Philippines: Petition filed to stop 600-MW Subic coal-fired power-plant project

ENVIRONMENTAL groups on Tuesday filed a petition for injunction before the Court of Appeals in a bid to stop the 600-megawatt (MW) Subic coal-fired power-plant project. The petitioners, which include Kalikasan-Peoples Network for the Environment (Kalikasan-PNE, believe the Redondo Peninsula Energy Inc.s (RPEI) coal-power project was railroaded, despite stiff opposition by communities for the ecological risks it poses. They alleged President Dutertes crony oligarchs are behind the project. The RPEI is a consortium coowned by a subsidiary of Aboitiz, where Energy Secretary Alfonso G. Cusi was a former executive. Allegedly, Manila Electric Co., another shareholder in RPEI, has also been enjoying questionable deals worth 3,551 MW of coal-power supply agreements with the Duterte regime.

Because of the Duterte regimes padrino system, Olongapos communities will be condemned to constant exposure to toxic and hazardous air pollution. RPEIs commencement of operations will surely feed into the increased electricity rates we will suffer from the coal taxes that will be passed on to us consumers, a joint statement released by the petitioners through Kaliksan-PNE said. This steady stream of new coal-power plants belies the fossil-fuel addiction of the Duterte regime, contrary to the supposed intent of its coal tax as part of the TRAIN [Tax Reform for Acceleration and Inclusion] law.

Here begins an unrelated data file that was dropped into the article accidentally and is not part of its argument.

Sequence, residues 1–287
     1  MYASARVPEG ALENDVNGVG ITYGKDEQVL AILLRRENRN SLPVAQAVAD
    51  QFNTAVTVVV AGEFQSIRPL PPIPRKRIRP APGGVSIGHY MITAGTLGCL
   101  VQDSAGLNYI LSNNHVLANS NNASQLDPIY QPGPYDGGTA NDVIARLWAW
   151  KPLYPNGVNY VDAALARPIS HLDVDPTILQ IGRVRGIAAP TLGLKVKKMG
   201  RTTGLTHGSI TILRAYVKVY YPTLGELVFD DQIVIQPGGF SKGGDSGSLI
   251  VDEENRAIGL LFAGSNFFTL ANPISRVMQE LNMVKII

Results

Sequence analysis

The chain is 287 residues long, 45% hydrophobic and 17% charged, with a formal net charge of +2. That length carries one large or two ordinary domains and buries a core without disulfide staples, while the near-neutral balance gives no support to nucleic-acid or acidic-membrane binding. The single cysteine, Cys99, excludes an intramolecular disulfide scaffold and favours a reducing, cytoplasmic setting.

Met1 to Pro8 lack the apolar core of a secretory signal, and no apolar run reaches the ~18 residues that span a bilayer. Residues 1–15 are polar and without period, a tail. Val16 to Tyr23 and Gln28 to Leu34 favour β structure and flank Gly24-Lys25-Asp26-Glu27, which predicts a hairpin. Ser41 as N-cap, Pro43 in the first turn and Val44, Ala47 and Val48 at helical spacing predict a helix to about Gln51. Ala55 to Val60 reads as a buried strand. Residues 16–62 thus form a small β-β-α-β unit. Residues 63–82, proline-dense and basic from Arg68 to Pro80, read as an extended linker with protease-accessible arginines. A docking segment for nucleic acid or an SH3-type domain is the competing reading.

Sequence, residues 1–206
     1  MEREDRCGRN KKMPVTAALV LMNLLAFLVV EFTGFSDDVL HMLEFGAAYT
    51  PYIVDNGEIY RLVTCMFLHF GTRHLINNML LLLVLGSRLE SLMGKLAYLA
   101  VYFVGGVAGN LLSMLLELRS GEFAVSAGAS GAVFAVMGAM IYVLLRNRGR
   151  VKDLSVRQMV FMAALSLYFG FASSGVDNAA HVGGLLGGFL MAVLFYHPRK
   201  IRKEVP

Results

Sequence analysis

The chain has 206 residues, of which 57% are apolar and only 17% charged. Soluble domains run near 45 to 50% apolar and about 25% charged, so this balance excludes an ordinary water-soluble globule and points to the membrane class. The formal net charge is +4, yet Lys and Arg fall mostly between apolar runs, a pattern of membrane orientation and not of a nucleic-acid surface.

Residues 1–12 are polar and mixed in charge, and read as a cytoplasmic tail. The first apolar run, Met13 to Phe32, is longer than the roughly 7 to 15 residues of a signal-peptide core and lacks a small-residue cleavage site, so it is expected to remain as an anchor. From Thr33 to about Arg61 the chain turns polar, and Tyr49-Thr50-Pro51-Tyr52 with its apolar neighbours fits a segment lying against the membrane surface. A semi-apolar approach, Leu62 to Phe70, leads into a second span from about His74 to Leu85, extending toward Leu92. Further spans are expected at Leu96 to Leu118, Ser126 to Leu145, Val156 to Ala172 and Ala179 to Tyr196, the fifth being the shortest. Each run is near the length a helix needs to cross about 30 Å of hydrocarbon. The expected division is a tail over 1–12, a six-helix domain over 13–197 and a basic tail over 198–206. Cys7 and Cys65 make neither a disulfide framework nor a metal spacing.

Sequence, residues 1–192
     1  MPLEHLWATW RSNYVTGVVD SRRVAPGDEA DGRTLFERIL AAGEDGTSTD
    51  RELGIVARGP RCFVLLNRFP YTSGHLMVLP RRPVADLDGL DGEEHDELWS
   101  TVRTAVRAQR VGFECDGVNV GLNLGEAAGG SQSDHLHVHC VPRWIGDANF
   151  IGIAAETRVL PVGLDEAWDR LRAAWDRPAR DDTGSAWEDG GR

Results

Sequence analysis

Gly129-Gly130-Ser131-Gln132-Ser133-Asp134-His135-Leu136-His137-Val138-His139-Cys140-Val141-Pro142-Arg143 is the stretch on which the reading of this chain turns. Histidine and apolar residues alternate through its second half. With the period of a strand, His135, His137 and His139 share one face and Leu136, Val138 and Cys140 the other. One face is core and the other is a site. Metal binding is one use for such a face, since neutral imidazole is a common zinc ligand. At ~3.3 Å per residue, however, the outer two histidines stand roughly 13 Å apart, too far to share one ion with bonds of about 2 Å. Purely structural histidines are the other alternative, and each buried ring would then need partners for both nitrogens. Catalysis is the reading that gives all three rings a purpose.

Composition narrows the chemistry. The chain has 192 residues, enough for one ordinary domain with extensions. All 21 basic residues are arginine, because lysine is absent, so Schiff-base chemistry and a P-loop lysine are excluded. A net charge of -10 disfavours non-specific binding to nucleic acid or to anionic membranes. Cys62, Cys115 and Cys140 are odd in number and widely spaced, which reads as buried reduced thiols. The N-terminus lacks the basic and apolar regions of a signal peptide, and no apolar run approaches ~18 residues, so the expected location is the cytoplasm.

While Dutertes gang of oligarchs will enjoy income-tax holidays for the first four years after it starts operating, consumers will bear the brunt of the coal-power plants environmental, health and pass-on costs, the statement read.

The petitioners argued that as early as 2012, the SBMA itself reported the RPEIs proposed 600-MW coal-fired power plant is being rejected by stakeholders in a consultation meeting held at the areas within the free port.

The Ayta, freeport workers and concerned residents expressed their opposition as the proposed power plant would contribute to pollution and acid rain once the plant is finished and up and running. The Supreme Court decision to lift the Writ of Kalikasan in 2015 emboldened the proponents to pursue the project, despite its potential adverse impact on the people and the environment, the group said.